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Chivas

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Joined October 2012

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I am inclined to agree Ken. Where it starts is not so important as long as it does. The most cost effective approach as Brett points out is possibly building watered down SR teams.

However, I agree that linking the competition back to clubs is important. If the pathway from club to NRC to SR / international is not clear and visible to all stake-holders (fans and players most importantly), I think you don’t just lose fans and fail to bring administrators along (who at times seem more intent on fulfilling their own personal agendas rather than what is in the best interest of the game) who are rusted on to club rugby but don’t feel the same love for the hybridised teams (which SR have become), but you also lose the continuity which allows fans of one competition to transition to other levels.

I personally think that club rugby being held as the zenith of rugby in Australia by rusted on supporters has been problematic and has in many ways held them back, but is not insurmountable as recent commentary suggests. I also think it will become less relevant as the players and fan base continues to evolve.

The question is will it take another decade in the wilderness talking and arguing about it before a decent structure eventually evolves?

The coaches want it, and now it seems RA’s appetite for the NRC might be growing

As good as he was under th high ball and running with ball in hand of which no-one can deny, his defensive reads and kicking for a fb were woeful.

Israel Folau is reportedly on the verge of an NRL comeback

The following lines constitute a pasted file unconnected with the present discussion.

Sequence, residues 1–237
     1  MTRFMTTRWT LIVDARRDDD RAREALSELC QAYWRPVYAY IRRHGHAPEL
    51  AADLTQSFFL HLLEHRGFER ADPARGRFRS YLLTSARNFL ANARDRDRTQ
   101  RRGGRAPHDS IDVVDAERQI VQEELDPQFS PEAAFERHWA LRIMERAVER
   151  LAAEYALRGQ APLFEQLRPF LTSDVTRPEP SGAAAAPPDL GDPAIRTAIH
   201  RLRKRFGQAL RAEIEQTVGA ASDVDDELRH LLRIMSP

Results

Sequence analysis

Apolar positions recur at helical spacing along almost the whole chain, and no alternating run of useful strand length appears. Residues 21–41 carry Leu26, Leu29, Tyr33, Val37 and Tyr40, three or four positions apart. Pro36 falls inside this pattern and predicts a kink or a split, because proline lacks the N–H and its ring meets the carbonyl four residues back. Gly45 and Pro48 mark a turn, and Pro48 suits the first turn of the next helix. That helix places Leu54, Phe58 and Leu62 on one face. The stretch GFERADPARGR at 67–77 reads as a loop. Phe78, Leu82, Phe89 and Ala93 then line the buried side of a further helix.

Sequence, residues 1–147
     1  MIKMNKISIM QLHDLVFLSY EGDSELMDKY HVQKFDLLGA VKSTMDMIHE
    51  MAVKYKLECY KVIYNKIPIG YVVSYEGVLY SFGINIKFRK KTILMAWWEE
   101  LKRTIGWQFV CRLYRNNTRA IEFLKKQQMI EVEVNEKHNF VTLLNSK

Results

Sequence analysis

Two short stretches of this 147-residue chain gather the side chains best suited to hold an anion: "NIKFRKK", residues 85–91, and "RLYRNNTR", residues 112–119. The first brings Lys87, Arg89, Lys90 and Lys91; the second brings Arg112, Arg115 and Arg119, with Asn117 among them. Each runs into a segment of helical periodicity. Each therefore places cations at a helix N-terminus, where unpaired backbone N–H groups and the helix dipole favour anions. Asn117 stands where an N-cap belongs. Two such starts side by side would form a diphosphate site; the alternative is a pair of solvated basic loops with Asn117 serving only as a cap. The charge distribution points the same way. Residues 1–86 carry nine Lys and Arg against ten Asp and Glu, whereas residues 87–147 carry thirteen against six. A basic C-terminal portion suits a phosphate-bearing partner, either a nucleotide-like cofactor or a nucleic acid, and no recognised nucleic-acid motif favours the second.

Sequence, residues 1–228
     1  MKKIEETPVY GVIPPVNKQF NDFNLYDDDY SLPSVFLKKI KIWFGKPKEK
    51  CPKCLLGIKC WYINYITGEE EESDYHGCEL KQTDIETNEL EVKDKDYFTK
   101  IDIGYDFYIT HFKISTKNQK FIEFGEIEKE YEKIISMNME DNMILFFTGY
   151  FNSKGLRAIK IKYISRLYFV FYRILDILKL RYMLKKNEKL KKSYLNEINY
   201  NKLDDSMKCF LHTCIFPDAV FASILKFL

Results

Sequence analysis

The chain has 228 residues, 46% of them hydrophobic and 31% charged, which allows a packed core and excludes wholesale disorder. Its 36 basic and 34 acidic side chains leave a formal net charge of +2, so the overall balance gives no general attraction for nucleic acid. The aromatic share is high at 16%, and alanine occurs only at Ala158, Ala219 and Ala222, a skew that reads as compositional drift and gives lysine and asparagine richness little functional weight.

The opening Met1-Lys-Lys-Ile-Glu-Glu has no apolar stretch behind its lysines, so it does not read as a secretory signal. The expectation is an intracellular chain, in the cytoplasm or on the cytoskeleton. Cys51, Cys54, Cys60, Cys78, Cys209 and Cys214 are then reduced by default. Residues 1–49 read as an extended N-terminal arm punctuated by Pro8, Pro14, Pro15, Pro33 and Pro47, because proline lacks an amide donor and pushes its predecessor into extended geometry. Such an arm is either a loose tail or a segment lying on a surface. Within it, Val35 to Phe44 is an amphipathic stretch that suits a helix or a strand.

Robertson has had a pretty cushy ride with the Crusaders and hasn’t yet hit Robbies achievements with the side, yet everyone hates Robbie and loves Robertson.

What else has he achieved won a title with the U20’s and got smacked about in a couple of others.

Now I like Robertson but compared to Schmidt, Gats and Rennie he is still pretty green.

Even Jamie has done some pretty amazing things with weaker sides which for me at least counts for quite a bit more than Robertson’s achievements, yet you don’t think these guys are better suited… Based on that sort of comment I am not sure anyone or anything could convince you of anyone else credentials.

Pumas beat All Blacks for the first time

I still want to see if Pari Pari and Akira can step up to the plate. There’s a couple of capable players right there.

Pumas beat All Blacks for the first time

Me personally I just don’t rate Foster. He was an average player, a less than average Waikato coach, an absolute and complete flop when it came to coaching the chiefs. The man is a poor leader and has no vision. He is simply inert.

Sam Cane I rate and I don’t know of too many who think he is not up to captaining. As for those pushing for Razor, that is mostly vocal one-eyed mainlanders or wannabe Canterbury fans.

Pumas beat All Blacks for the first time

Calm down Suzy. One persons comments shouldn’t weigh that heavily on you and if you think the rugby tradition between NZ and SA nd any respect or not between the two nations is based on what Jacko says, you yourself are pretty deluded. I don’t believe that any more than I think Jacko is the voice of NZ or you the voice of SA.

On the other hand, I hope your mum remains safe and well. So far I have been lucky and know of no-one who has gone down with it, and I pray to god every night that that remains so. Stay safe Suzy and don’t let silly comments wind you up so. We have all been through too much in our lives to let trivial comments by nobodies unsettle us.

Pumas beat All Blacks for the first time

U really r a clueless fk, because of course that is what I said. Not wasting my time further with someone as wilfully ignorant as u. Thx.

Five talking points from Bledisloe 4